Once we read the name for it, we understood — this is an LCC-1 Land Train, and the lead machine is a Power Car. This was made by LG Tourneau from Longview TX, and is housed at the Yukon Transportation Museum in Whitehorse YT. Some of the wheels are missing from several cars and a couple of new-looking tires are stacked alongside a nearby hangar. Some of this museum appears under development, including this exhibit, so we were left wondering about the role and reign of this giant “land train”.

The Beringia Interpretive Center is adjacent to the Transportation Museum but couldn’t be more different in presentation. This neat natural history museum introduced us to the vast non-glaciated region stretching from Nunavit across parts of Yukon Territory and Alaska into Siberia. The centerpiece of the museum is a reconstruction of the 24,000 year-old Bluefish Caves archaeological site, the oldest evidence of human habitation in North America. The most interesting and favorite part for us is the interactive map and a movie describing the geographical extent and significance of Beringia to paleontology and archaeological studies.


We spent all afternoon zooming around Whitehorse in quest of all the historic and cultural sites. We saw the Yukon Visitor Information Center, Yukon Arts Centre and Yukon Archives, MacBride Museum of Yukon History, Copperbelt Railway and Mining Museum, SS Klondike, Tim Horton’s, and this Old Log Church Museum. This museum is in the more than 100 year-old church, one of the oldest buildings in Whitehorse. The former diocesan cathedral houses very nicely arranged exhibits about some of the incumbents who served here and the missions they developed across Yukon Territory. A new cathedral opened on the same grounds in 1960 and in 1978 the Old Log Church was declared a Territorial Historic Site.

Whitehorse YT deserves more than the day of touring we gave it. We didn’t have enough time to catch Kwanlin Dün Cultural Centre, or to do justice to MacBride Museum and Copperbelt Museum. We spent just one cup’s and donut’s time in Tim Horton’s downtown and completely missed the larger location on the west end of town. We rushed a little through the Transportation Museum, and could have enjoyed at least another hour there. Two days wouldn’t be too much to give to this neat Provincial capital. Caravans seem, to us, pretty long at up to 63 days duration. Yet there sometimes isn’t time to spend on all the very cool things we might like at our stops.

We thoroughly enjoyed Whitehorse. There is much more to see and some we will enjoy seeing at a more leisurely pace on our own another time. For now, the caravan pushes us forward toward Alaska. We’re not complaining — this is a great way to learn our way around places we’ve never thought of seeing. We do what we can at each stop and we’ll leave something for next time in Whitehorse YT.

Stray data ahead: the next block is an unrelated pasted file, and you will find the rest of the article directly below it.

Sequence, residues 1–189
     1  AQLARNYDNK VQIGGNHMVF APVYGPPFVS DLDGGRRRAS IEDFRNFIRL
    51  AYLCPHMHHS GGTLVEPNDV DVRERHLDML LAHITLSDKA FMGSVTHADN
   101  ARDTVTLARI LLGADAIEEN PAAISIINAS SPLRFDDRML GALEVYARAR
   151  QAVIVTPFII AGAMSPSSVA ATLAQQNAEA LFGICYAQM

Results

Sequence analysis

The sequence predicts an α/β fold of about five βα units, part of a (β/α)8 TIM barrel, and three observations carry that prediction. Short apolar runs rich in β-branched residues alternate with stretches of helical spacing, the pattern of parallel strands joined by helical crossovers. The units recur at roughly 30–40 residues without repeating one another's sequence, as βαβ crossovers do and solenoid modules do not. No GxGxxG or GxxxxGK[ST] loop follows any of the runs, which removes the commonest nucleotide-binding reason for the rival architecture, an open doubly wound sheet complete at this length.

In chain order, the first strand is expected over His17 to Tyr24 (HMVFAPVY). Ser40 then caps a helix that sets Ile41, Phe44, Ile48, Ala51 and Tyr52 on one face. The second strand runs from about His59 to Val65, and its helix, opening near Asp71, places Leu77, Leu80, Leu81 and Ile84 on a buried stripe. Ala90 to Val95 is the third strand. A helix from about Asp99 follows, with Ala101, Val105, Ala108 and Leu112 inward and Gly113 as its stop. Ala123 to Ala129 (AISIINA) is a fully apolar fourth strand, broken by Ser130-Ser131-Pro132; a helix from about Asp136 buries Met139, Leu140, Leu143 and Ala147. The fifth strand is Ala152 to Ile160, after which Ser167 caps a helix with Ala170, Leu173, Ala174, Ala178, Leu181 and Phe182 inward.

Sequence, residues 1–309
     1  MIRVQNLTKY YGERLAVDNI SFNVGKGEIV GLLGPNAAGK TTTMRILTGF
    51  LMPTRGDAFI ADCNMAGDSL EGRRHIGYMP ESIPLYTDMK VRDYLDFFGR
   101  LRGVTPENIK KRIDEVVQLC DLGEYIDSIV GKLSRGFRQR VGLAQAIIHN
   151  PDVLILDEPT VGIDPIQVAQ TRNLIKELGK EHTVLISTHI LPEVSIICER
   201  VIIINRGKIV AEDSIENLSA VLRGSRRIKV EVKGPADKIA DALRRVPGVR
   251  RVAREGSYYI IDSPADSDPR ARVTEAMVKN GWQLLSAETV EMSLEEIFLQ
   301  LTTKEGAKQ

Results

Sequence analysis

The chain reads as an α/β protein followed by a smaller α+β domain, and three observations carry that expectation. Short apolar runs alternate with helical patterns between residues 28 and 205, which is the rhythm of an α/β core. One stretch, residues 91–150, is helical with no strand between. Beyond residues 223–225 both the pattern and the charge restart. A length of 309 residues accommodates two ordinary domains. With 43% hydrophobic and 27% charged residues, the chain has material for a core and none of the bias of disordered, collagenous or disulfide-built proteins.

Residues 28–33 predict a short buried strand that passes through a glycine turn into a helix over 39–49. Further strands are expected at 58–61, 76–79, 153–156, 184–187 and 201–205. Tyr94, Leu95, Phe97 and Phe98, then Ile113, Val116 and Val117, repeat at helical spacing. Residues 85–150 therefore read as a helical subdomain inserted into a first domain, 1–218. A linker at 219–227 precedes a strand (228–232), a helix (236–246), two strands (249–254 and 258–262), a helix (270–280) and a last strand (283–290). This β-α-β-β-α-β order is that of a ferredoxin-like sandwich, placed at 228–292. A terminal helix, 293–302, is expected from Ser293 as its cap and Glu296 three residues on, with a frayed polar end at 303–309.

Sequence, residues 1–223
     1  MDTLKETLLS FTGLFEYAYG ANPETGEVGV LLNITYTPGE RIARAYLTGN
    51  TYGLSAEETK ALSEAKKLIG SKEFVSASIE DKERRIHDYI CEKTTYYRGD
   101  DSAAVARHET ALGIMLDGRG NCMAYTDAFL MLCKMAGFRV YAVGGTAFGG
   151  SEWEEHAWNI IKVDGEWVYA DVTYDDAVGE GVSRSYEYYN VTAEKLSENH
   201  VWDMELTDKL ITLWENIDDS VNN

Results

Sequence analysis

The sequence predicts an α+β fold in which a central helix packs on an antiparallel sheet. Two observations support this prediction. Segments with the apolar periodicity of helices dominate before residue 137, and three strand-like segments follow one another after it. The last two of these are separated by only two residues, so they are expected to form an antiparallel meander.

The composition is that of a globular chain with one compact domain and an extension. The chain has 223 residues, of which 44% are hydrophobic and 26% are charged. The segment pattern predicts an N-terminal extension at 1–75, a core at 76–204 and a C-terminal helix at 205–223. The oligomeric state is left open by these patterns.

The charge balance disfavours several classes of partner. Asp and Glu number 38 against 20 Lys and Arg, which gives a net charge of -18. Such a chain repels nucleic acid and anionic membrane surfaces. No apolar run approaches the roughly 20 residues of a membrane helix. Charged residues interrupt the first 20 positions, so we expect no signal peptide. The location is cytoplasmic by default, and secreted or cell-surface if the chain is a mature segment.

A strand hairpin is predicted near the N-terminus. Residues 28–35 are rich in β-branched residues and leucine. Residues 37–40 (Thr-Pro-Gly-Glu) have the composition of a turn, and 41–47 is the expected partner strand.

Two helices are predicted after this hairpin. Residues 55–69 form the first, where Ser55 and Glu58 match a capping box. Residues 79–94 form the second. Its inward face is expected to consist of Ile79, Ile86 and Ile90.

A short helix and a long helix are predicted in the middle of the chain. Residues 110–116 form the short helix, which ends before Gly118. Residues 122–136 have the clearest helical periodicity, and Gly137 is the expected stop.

Jim and Debbie
dreamstreamr odyssey, chasing 75 degrees

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©2007-2012 Dreamstreamr

Where Are All The Missing Signs?

It started in 1942, during the construction of the Alaska Highway. A smart guy erected a sign post with the distance to his or his sweetie’s hometown. And another fellow added his, then a dozen more did the same. The idea seemed to catch on and additional posts went up.

This was the simple beginning of the Sign Post Forest. It is today a monument with hundreds of posts and a few pieces of road-building machinery in the center. There are over 75,000 signs from all over the world, and more added every year.

We visited the Sign Post Forest on our walking tour of Watson Lake a few days ago and thought, “We can add a good sign”. That evening Debbie free-handed a sketch of our trailer’s profile and Jim cut it from a sheet of aluminum he’s been toting for years. He engraved and inked the text and date, and sprayed three coats of urethane sealant on the sign.

Our sign turned out really great. It is the size of an American license plate but thicker. The sign faces north so shouldn’t be subjected to much fade from UV. It looks nice. We jotted down the gps coordinates so we can visit it again — otherwise, signs seem pretty tough to find in this dense sign post forest.

Jim and Debbie
dreamstreamr odyssey, chasing 75 degrees

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©2007-2012 Dreamstreamr

How Cold Are the Northern British Columbia Lakes?

We’re cruising along on our airstream Alyeska caravan, seeing beautiful sections of the Alaska Highway and learning about both the immense project creating this highway and also about life before, during, and after for the First Nations peoples and the soldiers and contractors associated with the project.

Summit Lake is at the highest point on Alaska Highway. At its edge is a quiet sunny provincial park in the best setting ever, overlooking this pretty lake. Alas, our camp is miles beyond, in Watson Lake YT. This made for a really nice stop although we didn’t get down to water’s edge to try the water.